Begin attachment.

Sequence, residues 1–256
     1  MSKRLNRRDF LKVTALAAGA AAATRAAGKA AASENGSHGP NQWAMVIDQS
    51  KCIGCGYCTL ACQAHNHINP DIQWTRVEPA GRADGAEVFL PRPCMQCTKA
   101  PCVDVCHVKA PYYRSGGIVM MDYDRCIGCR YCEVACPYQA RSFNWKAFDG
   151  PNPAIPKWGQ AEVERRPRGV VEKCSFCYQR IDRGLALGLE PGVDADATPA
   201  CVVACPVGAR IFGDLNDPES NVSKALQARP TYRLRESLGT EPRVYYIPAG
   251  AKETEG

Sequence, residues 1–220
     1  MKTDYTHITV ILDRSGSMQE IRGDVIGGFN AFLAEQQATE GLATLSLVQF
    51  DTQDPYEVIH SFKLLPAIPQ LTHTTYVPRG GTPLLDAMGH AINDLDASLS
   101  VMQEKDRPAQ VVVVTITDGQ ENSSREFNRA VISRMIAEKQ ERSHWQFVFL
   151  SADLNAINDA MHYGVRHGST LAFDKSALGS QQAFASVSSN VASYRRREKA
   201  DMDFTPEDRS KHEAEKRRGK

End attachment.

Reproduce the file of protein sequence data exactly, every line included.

Sequence, residues 1–256
     1  MSKRLNRRDF LKVTALAAGA AAATRAAGKA AASENGSHGP NQWAMVIDQS
    51  KCIGCGYCTL ACQAHNHINP DIQWTRVEPA GRADGAEVFL PRPCMQCTKA
   101  PCVDVCHVKA PYYRSGGIVM MDYDRCIGCR YCEVACPYQA RSFNWKAFDG
   151  PNPAIPKWGQ AEVERRPRGV VEKCSFCYQR IDRGLALGLE PGVDADATPA
   201  CVVACPVGAR IFGDLNDPES NVSKALQARP TYRLRESLGT EPRVYYIPAG
   251  AKETEG

Sequence, residues 1–220
     1  MKTDYTHITV ILDRSGSMQE IRGDVIGGFN AFLAEQQATE GLATLSLVQF
    51  DTQDPYEVIH SFKLLPAIPQ LTHTTYVPRG GTPLLDAMGH AINDLDASLS
   101  VMQEKDRPAQ VVVVTITDGQ ENSSREFNRA VISRMIAEKQ ERSHWQFVFL
   151  SADLNAINDA MHYGVRHGST LAFDKSALGS QQAFASVSSN VASYRRREKA
   201  DMDFTPEDRS KHEAEKRRGK